As we continue in the text, you’ll notice there is more to v1. Not only is the parable designed to encourage constant prayer, but it is also designed to combat losing heart. We ought always to pray and not lose heart, Luke says. Losing heart is the same as giving up – throwing in the towel and concluding that prayer is pointless. That is what Jesus fights against in this parable – he doesn’t want his people to give up on prayer.
And friends, I find this quite timely from the Lord. The natural tendency in the Christian life is to be discouraged in prayer. Personally, we have prayers that appear to go unanswered, and corporately, we are still waiting for Christ to return. As such, it is natural to experience some discouragement. It is natural to think, “Prayer isn’t doing anything. Why do I bother?” Have you ever thought that? You may have thought that this week!
If so, then this parable is for you, brothers and sisters. In his kindness, Jesus meets you in your discouragement, and he gives you what you need to fight back against that natural tendency to give up. Do you see the kindness of Christ here, friends? He does not leave us where we are! He does not say, “Be constant in prayer,” and then leave us to figure out how to do that. He commands us, and then he gives us what we need to follow his command. What a merciful Savior we have! What kindness of God to give us his Word, where Christ meets us and equips us to follow him by faith!
So, we ought to be encouraged from the start, friends. The need for persistent prayer is great – it is natural to lose heart. But praise God, Christ meets us with encouragement.
The Example of Persistent Prayer
Our second perspective begins to describe Christ’s encouragement. In vv2-6, we see the Example of Persistent Prayer. This is the parable proper, and it has two characters. The first character is a judge who is utterly unfit for his role. Notice v2 – “He said, ‘In a certain city there was a judge who neither feared God nor respected man.’” Now, according to the OT, judges were responsible to look out for the least of these. In fact, you could argue that a judge’s foundational role was to ensure that those in power not use their authority in sinful ways. In other words, to be a faithful judge, you had to fear God more than man. You had to have compassion toward others, particularly toward the weak.
But this judge has neither. He does not fear God, which is the same as saying he ignores the great commandment. He does not love God with all his heart, soul, mind, and strength. And he does not respect others, which is the same as saying he ignores the second great commandment. He does not love his neighbor as himself. This is a man with authority who lacks the character to use that authority rightly.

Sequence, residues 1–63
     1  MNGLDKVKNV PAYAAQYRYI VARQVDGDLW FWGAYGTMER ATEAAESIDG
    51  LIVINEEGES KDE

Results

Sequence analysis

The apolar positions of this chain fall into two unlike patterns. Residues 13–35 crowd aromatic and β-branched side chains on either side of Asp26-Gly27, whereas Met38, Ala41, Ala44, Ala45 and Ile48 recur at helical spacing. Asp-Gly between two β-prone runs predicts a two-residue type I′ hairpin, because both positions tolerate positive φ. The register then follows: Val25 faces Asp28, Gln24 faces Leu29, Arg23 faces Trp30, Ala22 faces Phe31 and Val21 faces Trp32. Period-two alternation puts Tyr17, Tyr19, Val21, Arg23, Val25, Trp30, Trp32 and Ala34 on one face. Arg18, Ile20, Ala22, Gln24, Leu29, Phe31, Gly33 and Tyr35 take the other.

But the unjust judge is not the only character. There is also a persistent widow, and she provides the example. Notice how Jesus describes her, v3 – “And there was a widow in that city who kept coming to him and saying, ‘Give me justice against my adversary.’” Now, the parable does not tell us what her situation is, but it is assumed that she is in the right. Her case deserves to be heard. What’s more, widows were precisely the kind of people judges were commanded to protect. Widows were in a very vulnerable position, often unable to provide for themselves and, thus, very prone to be taken advantage of. So, this is exactly the kind of situation where a just judge is needed.
But despite the widow’s situation, the judge ignores her, at least for a time. Suddenly, however, her persistence pays off. The unjust judge responds to her. Notice vv4-5 – “For a while he refused, but afterward he said to himself, ‘Though I neither fear God nor respect man, yet because this widow keeps bothering me, I will give her justice, so that she will not beat me down by her continual coming.’” It’s a remarkable turnaround, isn’t it? The widow causes enough trouble for the judge that he relents. He is tired of hearing her plea. In fact, he’s concerned that things could get worse for him. In the last phrase of v5, the judge is literally saying he’s afraid the widow will come and give him a black eye! He keeps refusing, but she keeps asking. She won’t quit. So, out of self-preservation, the unjust judge responds. He gives the widow justice.
And so, with the parable complete, Jesus calls his disciples to recognize the truth. Look at v6 – “And the Lord said, ‘Hear what the unrighteous judge says.’” Now, remember the nature of the parable, friends. It is a lesser-to-greater parable. That means the point is not that God will answer us if only we bother him enough. That would put God on the same level as the unjust judge, which is both blasphemous and contrary to the nature of the parable.
Rather, the point is to recognize the wisdom of persistence in prayer. If even an unjust judge responds to persistent pleas, then how much more will our God and Father respond to the persistent prayers of his children? The answer is much more! Do you see the connection, friends?
The judge has to have his arm twisted; our God is ready and willing to answer his people. The judge has no commitment to justice; our God is the definition of justice. The judge has no compassion, even toward someone in need like this widow; our God is full of compassion and abounding in steadfast love. The judge is cold and indifferent; our God is so attentive, he collects our tears in a bottle, Psalm 57. The point of the parable is not that we must bother God until he responds. No, the point is to show us, once more, the exceeding willingness of our God to answer.